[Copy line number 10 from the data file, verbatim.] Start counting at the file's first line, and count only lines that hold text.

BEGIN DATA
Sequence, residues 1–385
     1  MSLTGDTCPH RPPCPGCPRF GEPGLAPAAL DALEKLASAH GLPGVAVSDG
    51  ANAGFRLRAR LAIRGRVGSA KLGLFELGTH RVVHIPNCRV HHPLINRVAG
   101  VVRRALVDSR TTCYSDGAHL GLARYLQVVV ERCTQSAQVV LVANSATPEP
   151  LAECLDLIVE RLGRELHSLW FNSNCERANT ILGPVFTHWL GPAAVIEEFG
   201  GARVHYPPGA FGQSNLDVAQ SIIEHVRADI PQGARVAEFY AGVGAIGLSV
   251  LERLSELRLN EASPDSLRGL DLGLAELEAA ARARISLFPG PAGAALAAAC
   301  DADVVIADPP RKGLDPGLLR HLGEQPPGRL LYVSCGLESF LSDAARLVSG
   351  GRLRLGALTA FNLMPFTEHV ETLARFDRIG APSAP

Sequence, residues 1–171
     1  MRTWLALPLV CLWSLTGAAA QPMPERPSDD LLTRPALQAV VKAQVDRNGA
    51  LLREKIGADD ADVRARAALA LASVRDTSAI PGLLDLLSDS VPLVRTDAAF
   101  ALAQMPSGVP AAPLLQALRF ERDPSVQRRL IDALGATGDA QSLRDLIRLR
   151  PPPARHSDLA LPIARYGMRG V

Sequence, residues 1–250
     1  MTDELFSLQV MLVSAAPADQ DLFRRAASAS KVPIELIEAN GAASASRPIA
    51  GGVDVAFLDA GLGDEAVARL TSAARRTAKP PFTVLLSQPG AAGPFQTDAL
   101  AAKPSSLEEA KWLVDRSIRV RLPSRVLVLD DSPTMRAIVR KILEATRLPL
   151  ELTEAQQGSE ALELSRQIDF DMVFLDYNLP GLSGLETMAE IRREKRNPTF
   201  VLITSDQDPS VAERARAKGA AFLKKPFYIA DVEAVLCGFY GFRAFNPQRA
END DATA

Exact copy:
Sequence, residues 1–171